A large homeless encampment in Norman is catching the eye of passersby on Interstate 35, and the city says it may be there a while.
The area just off the Highway 9 on ramp is filled with tarps, tents, and even structures that look professionally built.
Michelle Evans, the Norman Homeless Program Coordinator says it is one of the largest encampments in Cleveland County. While numbers fluctuate, she estimates there are 10 to 15 people living there on average.
The goal of the city - and their many partners - is not to evict, but to find a stable situation for the individuals.
"We try to get those individuals into a housing plan and out of the elements," Evans says. "That is our first concern for everyone, keeping those individuals safe."
Evans says even if they wanted to evict, this encampment like many others is on private property.
"If we run into an encampment such as this that is on private property, we get in touch with the homeowners or property owners rather and we build that connection," says Evans.
Evans says the city's hands are also tied by the pandemic and CDC guidelines.
"We do not want to disband any encampment at the moment because of COVID restrictions because we don't want those individuals then to be out in the community and spread further. We do want to contain them."
The pandemic also helped create an increase in the homeless population.
While the numbers aren't finalized yet, Evans estimates the population of those without shelter increased 20% since January when the number was 215.
Evans says she hasn't heard any complaints about this particular encampment even from the property owner, but she has heard concerns from community members about what is being done about the influx.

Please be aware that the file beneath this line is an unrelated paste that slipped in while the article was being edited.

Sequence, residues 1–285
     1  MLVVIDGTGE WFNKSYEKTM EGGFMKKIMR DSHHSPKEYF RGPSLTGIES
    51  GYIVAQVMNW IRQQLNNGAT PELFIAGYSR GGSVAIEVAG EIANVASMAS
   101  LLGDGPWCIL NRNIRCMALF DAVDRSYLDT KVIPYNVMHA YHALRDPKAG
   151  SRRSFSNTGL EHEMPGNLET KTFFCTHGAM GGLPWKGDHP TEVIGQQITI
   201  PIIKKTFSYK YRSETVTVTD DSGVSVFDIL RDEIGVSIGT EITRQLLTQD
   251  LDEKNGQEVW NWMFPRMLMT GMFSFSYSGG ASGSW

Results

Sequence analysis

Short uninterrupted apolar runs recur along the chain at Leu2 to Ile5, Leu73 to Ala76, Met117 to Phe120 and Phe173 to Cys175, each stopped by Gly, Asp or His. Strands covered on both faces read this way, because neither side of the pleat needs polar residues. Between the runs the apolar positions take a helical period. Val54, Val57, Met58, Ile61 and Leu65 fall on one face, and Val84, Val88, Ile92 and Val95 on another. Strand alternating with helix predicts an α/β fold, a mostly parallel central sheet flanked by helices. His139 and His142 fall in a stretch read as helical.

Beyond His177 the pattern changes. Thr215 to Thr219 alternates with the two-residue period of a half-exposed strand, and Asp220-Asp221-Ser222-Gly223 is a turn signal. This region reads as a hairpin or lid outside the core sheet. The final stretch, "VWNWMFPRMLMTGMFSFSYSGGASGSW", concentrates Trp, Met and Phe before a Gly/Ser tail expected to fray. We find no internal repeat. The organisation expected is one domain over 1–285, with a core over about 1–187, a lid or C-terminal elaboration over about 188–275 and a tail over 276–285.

"A lot of times we just don't notice the resources that are out there because we do see the homeless population growing," she says. "Perception is just that. The work that is being done on this on a daily basis is just insurmountable."
She says trained case workers visit the individuals often, working to build rapport. They hope to help them overcome objections to seeking shelter. Those reasons could be anything from past trauma at shelters to fear over their things being taken.
"Trust is fundamental to us in creating a plan. We may go down there every day and build that rapport, build that trust."
She points out that every case is different.
"There are mental health barriers, sometimes substance abuse barriers and that's when our expert case managers are coming into the fold," says Evans. "We let them to their work and we let them handle that case by case. On behalf of the city, we do not evict anyone in these encampments."
This month an additional warming shelter was opened at 325 Comanche Street. It is adults only and houses up to 35 people a night. So far, Evans says they haven't been close to reaching capacity.
Evans says there is a plan in place right now to work with the individuals living off I-35 and Highway 9. It's unclear when they will be able to carry the plan out. It may be up to the individuals and the end of the pandemic.